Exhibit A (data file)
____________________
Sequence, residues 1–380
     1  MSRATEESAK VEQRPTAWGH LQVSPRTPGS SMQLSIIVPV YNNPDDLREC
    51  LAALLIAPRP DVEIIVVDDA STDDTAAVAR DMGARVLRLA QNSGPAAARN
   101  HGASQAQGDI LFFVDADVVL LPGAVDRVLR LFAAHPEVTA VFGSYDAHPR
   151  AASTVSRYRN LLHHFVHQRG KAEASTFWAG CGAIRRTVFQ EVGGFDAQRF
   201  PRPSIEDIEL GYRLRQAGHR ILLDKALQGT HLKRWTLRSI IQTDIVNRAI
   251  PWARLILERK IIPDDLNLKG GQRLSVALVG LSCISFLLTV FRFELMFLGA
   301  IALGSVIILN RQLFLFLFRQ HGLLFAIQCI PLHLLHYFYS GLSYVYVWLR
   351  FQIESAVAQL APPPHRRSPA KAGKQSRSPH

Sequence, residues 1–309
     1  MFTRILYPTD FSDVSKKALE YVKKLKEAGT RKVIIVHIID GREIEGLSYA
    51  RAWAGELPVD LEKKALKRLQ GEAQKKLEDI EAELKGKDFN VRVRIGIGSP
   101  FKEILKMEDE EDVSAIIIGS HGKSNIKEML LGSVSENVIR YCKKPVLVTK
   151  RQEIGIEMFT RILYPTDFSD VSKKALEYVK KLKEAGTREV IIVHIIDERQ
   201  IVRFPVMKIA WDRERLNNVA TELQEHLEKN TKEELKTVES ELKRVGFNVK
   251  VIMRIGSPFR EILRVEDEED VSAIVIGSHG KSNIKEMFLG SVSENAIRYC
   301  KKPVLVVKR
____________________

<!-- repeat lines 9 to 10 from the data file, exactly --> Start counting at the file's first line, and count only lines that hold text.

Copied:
   351  FQIESAVAQL APPPHRRSPA KAGKQSRSPH

Sequence, residues 1–309